Engine, 0-60mph and gearbox
The entry-level 1.0-litre petrol engine is surprisingly sprightly and has good low-down shove, so it's ideal if you spend most of your time in town. However, we would advise choosing one of the more powerful engines if you frequently cover big miles or carry heavy loads.
The 1.6 TDI is more flexible and but will cost more in company car tax, while the 2.0 TDI offers the best blend of power and economy.
With 148bhp and 251lb ft of torque, the 2.0-litre unit’s straight-line performance is more than adequate and whether you choose the slick DSG gearbox or sweet-shifting six-speed manual, the engine is kept suitably quiet at cruising speeds. In fact, if you’re planning on travelling five up with luggage on a regular basis, you’ll appreciate having plenty of firepower under the bonnet.
However, we’re most smitten by the 1.5-litre turbocharged petrol. It has the same 148bhp as the diesel and proves well suited to the Karoq, delivering punchy performance in a refined manner. There’s plenty of power from low in the rev range, so you don’t have to work the engine hard and, regardless of driven wheels or gearbox, it’ll manage 0-62mph in around 9.0sec. That’s enough to whisk you and your family up to motorway speeds on all but the shortest of slip roads.
Suspension and ride comfort
Where 17in or 18in wheels are fitted, the Karoq comes up trumps for smoothing the harsh edges off ruts and bumps around town. Thus equipped, the Karoq upstages many rivals when smoothness is concerned, most noticeably the sportier and therefore firmer-riding Ateca and the less composed Peugeot 3008.
Up your speed on the motorway and the Karoq's ride gets even better, making it an extremely gentle companion on a long trip. Models with 19in wheels are still comfortable for the most part, but you will feel more ruts and other road imperfections, especially at urban speeds.
While the Karoq sits on the same platform as the Ateca and Volkswagen Tiguan, Skoda has clearly worked hard to give the Karoq its own character; it falls squarely in the middle of the spectrum between comfort and sportiness. Therefore, the Karoq exhibits more body roll in corners than the driver-focused Ateca, but it’s still more agile than the longer and heavier Tiguan.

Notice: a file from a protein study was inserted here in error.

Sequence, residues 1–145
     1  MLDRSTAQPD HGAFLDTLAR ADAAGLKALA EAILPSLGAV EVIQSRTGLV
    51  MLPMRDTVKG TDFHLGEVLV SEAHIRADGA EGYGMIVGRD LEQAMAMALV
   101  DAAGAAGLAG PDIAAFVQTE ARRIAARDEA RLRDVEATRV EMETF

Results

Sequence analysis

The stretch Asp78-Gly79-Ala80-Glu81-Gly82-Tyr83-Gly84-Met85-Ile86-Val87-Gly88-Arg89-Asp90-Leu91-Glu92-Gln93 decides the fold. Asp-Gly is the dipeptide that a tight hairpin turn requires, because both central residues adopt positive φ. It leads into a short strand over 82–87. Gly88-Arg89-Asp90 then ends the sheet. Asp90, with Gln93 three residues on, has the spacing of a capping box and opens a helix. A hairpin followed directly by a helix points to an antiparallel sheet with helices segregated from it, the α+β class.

Like its relatives, the Karoq’s steering has a natural-feeling, progressive weight and a fine level of accuracy that lets you swoop from corner to corner with sublime ease. And with plenty of grip at your disposal, you won’t lack any confidence as you do. Yet, admirable as it is, there’s no doubting that those who prefer a little more on-the-limit cornering prowess will find the Ateca a noticeably sharper drive.
Don’t forget that if you need your SUV to do more than just look the part, four-wheel drive is available. Mind you, while this might help you across a boggy field, don’t think of the Karoq as the tool to scale Snowdon – it isn't.
Noise and vibration
Let’s start with the drivetrain – the engines and gearboxes. The diesels are a little grumbly under hard acceleration, while the 1.0-litre petrol thrums away (but not unpleasantly) if you give it some stick. On balance, we’d say the 1.5 petrol offers the smoothest progress of all, although even this screams a little at the top of its rev range. None of the Karoq's rivals are significantly better, though.
The manual gearbox is light and easy to use, as is the clutch. If you opt for one of the automatic models, these change smoothly between each gear but can be jerky from a standstill – a bit of nuisance when parking or in stop-start traffic.
Despite being very similar mechanically, the Karoq does lose out to the Ateca when it comes to suspension noise, with a background boom as it deals with bumps in the road, as well as a little more tyre and wind noise as well. Mind you, none of this is anywhere near extreme enough to nark you.
The Eclipse Cross is a real step forward for Mitsubishi, but i...